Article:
By the Numbers
Featuring brief segments of economic analysis from our senior economist Michael Bazdarich, PhD.
The economic analysis we previously featured in By the Numbers is now available on the Western Asset Blog. This page will no longer be updated.
Retail sales turned in another lackluster performance in October, with total sales up 0.1% on the heels of a -0.2% revision to September, while the control measure we track was up 0.3%, with no revisions to its previous levels. These swings weren’t horrible, but they came in the wake of a string of stronger gains over the summer and a soft September number a month ago.
The numbers were a disappointment to most market analysts, who had been hoping for renewed strength in retailing to offset the weakness in domestic capital spending and US exports. So, no joy in Mudville from today’s data..
On the other hand, today’s overall retail data are not as gloomy as the stories emanating from major retailers’ recent earnings and revenue announcements. There is no disconnect between these competing news items. Within the retail sales data, sales at department stores, clothiers and grocers did indeed decline. However, those declines were offset by modest gains at restaurants, specialty stores and online vendors, allowing the meager gains in overall sales.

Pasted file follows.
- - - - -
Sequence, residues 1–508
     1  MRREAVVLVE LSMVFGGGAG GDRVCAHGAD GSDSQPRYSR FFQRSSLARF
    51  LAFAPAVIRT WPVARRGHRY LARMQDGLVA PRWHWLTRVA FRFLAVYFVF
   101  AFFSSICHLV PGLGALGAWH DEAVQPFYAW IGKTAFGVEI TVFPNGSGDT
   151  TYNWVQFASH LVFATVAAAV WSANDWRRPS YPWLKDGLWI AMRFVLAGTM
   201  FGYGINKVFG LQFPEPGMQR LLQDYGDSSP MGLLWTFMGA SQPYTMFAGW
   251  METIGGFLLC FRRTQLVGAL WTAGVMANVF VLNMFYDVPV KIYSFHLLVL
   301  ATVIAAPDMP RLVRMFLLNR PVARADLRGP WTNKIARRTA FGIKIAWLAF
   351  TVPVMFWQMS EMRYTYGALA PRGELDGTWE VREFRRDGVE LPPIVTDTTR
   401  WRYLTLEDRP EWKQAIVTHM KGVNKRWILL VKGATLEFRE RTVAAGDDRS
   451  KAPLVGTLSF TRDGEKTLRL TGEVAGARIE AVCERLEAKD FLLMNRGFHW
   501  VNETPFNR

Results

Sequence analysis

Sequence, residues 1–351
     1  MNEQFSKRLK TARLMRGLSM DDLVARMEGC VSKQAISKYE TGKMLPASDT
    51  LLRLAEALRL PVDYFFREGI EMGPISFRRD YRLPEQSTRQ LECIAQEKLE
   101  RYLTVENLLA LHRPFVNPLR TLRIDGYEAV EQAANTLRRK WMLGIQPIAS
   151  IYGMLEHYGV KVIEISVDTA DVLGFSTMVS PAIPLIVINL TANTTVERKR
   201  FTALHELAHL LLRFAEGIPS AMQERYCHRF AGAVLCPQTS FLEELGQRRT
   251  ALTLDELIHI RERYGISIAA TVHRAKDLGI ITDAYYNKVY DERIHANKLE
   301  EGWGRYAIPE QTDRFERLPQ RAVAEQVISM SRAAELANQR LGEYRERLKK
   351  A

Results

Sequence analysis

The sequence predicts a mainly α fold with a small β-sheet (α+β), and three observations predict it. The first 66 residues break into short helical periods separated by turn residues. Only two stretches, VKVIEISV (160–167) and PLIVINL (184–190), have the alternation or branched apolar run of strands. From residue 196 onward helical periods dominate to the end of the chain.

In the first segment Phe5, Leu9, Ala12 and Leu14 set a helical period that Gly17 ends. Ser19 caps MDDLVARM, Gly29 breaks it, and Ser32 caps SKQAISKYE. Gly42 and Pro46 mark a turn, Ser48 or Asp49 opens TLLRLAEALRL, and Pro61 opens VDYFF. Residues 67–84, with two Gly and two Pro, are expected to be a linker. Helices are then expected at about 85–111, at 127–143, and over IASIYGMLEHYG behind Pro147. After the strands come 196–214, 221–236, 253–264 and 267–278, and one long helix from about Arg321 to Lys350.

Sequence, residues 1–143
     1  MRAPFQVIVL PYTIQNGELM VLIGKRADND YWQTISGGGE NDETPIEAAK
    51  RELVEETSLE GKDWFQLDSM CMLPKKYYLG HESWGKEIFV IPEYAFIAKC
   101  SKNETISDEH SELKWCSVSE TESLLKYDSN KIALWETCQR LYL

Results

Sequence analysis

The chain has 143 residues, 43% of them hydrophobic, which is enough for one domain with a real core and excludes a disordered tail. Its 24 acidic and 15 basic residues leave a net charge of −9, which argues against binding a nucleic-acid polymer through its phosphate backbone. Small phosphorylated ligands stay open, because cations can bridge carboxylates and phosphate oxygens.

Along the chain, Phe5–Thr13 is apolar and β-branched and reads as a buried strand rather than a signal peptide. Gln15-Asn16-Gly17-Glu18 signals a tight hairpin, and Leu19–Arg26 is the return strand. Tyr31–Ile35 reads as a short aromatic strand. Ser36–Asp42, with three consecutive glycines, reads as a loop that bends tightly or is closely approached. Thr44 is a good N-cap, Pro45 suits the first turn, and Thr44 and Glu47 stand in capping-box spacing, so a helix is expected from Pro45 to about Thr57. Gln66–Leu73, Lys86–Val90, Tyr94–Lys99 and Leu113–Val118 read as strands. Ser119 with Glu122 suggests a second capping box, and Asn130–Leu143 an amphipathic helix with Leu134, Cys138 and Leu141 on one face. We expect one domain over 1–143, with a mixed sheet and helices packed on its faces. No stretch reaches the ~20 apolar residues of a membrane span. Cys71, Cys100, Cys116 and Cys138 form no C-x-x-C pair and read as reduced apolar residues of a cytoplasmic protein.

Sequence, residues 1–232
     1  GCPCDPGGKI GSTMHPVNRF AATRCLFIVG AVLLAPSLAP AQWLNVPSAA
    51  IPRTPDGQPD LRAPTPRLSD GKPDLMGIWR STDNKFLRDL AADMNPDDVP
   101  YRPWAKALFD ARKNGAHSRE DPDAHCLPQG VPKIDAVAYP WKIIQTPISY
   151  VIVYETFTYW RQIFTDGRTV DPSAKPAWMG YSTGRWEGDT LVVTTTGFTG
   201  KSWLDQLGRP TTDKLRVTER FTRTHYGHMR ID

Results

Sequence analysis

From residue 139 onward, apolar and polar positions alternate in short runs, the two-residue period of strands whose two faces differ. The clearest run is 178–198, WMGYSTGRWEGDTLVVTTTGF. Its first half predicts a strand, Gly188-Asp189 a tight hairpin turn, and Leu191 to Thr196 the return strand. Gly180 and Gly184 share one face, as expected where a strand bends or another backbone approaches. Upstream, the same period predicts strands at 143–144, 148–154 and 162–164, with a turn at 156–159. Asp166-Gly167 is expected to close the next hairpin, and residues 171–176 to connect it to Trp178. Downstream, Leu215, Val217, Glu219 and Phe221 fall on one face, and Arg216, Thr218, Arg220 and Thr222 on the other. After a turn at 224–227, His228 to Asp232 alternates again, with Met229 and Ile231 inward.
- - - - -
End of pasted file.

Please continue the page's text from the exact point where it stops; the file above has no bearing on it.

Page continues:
The accompanying chart shows the overall situation. Sales growth moved somewhat above previous trends in spring and early summer, but has since been falling back toward those trends, just as happened in early-2013 and late-2014.
Sales are still above-trend, year-to-date, but not enough so to stem the softness in other areas of demand for US manufactured goods. The 2015 factory slump continues, and that is exerting a substantive—but non-catastrophic—drag on US economic growth. Still, there is likely not enough weakness in these numbers to quash the Fed’s modest tightening intentions.
Michael BazdarichProduct Specialist/Economist
Mike brings more than 45 years of experience to his position. "By the Numbers" will address economic data releases that are pertinent to a broad range of investors.
Prior to joining the Firm in 2005, Mike ran his own consulting firm, MB Economics. He earned his PhD in Economics at the University of Chicago.
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